In the context of RDAR expenditure, we drew a range of important conclusions, including:

  • Choosing the right operational structure for compliance is critical – narrow, regional reporting platforms deliver lower core spending overall than global reporting platforms, but at a much higher residual cost, and higher compliance costs overall. Integrated platforms delivered the lowest overall cost by some margin.
  • Demand is growing for utilities, driven by the relentless need to reduce cost, particularly in peripheral processes – such as capital markets reports for small regional banks – and non-core regions for large international banks. As a result, banks will be able to achieve better optimized trade-offs between key operational concerns (e.g. centralization vs. localization) at a lower cost.
  • In all scenarios, complexity emerged as a major determining factor of cost – asset managers and investment banks, utilizing simpler, more centralized reporting platforms, fared much better than retail banks, as did those with a smaller geographical footprint. For large, universal banks, the benefits of a fully integrated solution over narrow, regional compliance centers will be material.

This sample of headline results highlights just some of the key drivers of compliance cost uncovered by our model, and some of the key considerations for FIs to tackle as they seek to achieve enhanced

cost efficiency. However, beyond these findings, our model has allowed us to isolate specific levers and drivers of cost reduction (and cost intensity), effectively showing which levers can be pulled to what effect. In terms of turning theory into action, this is the crucial next step.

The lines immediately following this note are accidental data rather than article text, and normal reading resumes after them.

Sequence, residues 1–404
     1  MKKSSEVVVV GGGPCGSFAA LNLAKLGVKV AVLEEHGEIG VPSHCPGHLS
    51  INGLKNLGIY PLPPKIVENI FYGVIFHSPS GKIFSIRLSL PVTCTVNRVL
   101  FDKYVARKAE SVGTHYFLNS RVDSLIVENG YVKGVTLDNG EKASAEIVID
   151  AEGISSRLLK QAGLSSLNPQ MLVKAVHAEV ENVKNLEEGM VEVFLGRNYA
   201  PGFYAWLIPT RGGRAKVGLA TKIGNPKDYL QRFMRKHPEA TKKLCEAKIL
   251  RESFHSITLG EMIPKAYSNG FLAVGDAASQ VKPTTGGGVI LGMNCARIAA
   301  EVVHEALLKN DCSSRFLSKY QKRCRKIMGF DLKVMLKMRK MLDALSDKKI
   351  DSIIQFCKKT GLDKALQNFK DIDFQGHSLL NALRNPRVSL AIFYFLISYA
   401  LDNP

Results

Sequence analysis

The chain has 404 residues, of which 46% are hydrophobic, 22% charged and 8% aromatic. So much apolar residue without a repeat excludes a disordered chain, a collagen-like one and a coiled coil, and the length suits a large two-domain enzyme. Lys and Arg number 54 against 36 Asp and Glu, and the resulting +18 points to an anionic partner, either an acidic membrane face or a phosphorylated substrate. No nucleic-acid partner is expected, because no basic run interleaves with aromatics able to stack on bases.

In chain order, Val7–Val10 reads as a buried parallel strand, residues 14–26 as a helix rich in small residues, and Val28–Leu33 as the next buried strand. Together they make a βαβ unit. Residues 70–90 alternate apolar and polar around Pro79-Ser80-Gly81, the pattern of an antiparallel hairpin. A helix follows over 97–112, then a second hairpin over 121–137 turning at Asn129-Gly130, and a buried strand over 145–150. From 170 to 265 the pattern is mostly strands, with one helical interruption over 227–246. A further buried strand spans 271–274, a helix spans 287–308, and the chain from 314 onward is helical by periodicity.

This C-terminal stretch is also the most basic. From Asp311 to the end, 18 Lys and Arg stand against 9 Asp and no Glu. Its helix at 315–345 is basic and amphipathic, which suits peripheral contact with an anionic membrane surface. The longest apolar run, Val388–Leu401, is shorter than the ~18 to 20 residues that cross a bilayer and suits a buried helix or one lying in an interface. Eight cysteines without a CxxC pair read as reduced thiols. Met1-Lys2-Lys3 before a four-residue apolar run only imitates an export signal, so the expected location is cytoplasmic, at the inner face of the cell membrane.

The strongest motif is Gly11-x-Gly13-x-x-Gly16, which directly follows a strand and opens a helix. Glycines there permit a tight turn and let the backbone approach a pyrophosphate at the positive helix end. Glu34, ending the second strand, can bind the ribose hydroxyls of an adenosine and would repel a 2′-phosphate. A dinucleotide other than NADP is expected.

‘To cut costs you need an accurate view of what they are.’ Representative of a US-based global bank

As described later in this document, we settled on five key organizational levers and the areas of cost impact controlled by each. Of the five, three emerged as being crucial drivers of cost:

  • Centralization of data storage.
  • Uniformity of the feed handler environment.
  • Availability of APIs.

So, while FIs using integrated platforms for data management have lower overall compliance spending, less efficient regional spenders could still make significant cost gains through the use of APIs, spending significantly less on data input, enrichment and distribution than those without them. The efficient use of feed handlers simply magnifies this positive effect.

This report, which should be read in conjunction with our position paper1, outlines the key issues facing the industry in RDAR cost compliance, details a robust methodology designed to highlight the core trends and ‘levers’ governing RDAR compliance costs, and offers clear, actionable insight to readers tackling a critically important challenge. In creating this report, we also hope to have added something new to the debate around compliance cost, and would welcome the opportunity to discuss our findings with you.

[1] Counting and Cutting the Cost of Compliance: How to accurately assess the cost of Risk Data Aggregation and Regulatory Reporting.